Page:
The cost of building a single-family home in the Adirondack region of New York is irrelevant.

    The fact that you prefer to live in a rural area, far from neighbors who might irritate you, is irrelevant (although it's probably a blessing for all concerned).

    Your proposed cost per unit for such a building ($25,400) is a fantasy.

  5. wjrobinson | | #5

    Cost is relevant
    Simplicity is relevant.
    Not needing subsidies is relevant.
    Cost to reroof and maintain is relevant.
    The overhead costs being far too high for a plaque is relevant.
    Poor people like myself living in $300/sqft units is relevant.

    I am very caring and liberal. This project spent too much to reduce energy use.

    I love all that Elon Musk does and thinks. I doubt he would approve of this project's
    details though he would know a better way to do such in an instant.

    I agree to disagree Martin but even you who touts solar verses overly expending should see the relevance of of my points.

  6. amach | | #6

    Comparison to ICF: insulated concrete forms
    I'm curious if there was a cost analysis of the wood framing versus ICF walls. The forms are available with R-values of R50 or more.
    I've visited Germany many times and they build with masonry, even single family dwellings. I understand concrete has high embodied energy, but on the other hand it's very durable.

  7. wjrobinson | | #7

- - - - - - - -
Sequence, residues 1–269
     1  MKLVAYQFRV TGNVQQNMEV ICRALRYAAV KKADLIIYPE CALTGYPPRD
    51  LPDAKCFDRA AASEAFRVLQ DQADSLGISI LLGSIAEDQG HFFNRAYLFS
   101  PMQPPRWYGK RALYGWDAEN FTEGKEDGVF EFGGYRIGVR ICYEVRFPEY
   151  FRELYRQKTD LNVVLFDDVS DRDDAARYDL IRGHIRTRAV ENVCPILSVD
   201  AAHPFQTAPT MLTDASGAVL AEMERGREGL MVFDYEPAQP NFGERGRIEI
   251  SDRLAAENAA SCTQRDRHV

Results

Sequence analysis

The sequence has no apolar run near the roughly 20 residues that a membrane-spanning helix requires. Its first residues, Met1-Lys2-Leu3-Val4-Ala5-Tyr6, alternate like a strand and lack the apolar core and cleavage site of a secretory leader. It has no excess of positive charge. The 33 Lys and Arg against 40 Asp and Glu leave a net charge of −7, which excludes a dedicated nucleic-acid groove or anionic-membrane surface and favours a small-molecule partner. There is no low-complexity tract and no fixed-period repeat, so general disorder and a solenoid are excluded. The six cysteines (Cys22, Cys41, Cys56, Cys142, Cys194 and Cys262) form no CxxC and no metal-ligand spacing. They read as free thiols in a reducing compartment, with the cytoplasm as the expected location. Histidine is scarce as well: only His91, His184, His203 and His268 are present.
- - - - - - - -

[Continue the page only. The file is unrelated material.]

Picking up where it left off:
Please do a cost analysis
    My figures may be wrong.... but costs are relevant.

    Another number crunch;

    $14.5 million 10 year loan 3% ^ $16 million plus total cost including interest

    $140,000/month 10 year mortgage payment/57 units=$2,500/month each unit. Ouch!

    So the rent per month is what above the $2,500??? Rents here are $800-1,100/month for similar non green new nice units.

    I love green, I do. Please go over the cost of green and the costs of projects when possible.

    Costs are relevant are they not?

  8. Expert Member

    "Construction cost is $9.1 million on a building with 57,751 square feet of enclosed area, which figures to $158/sf. "

    AJ, What difference does it make to your argument what rents are where you live? If you can build any project for 158/sf, including common areas in the Seattle area, then move there and put your shingle out. Obviously all the locals are idiots and need some help.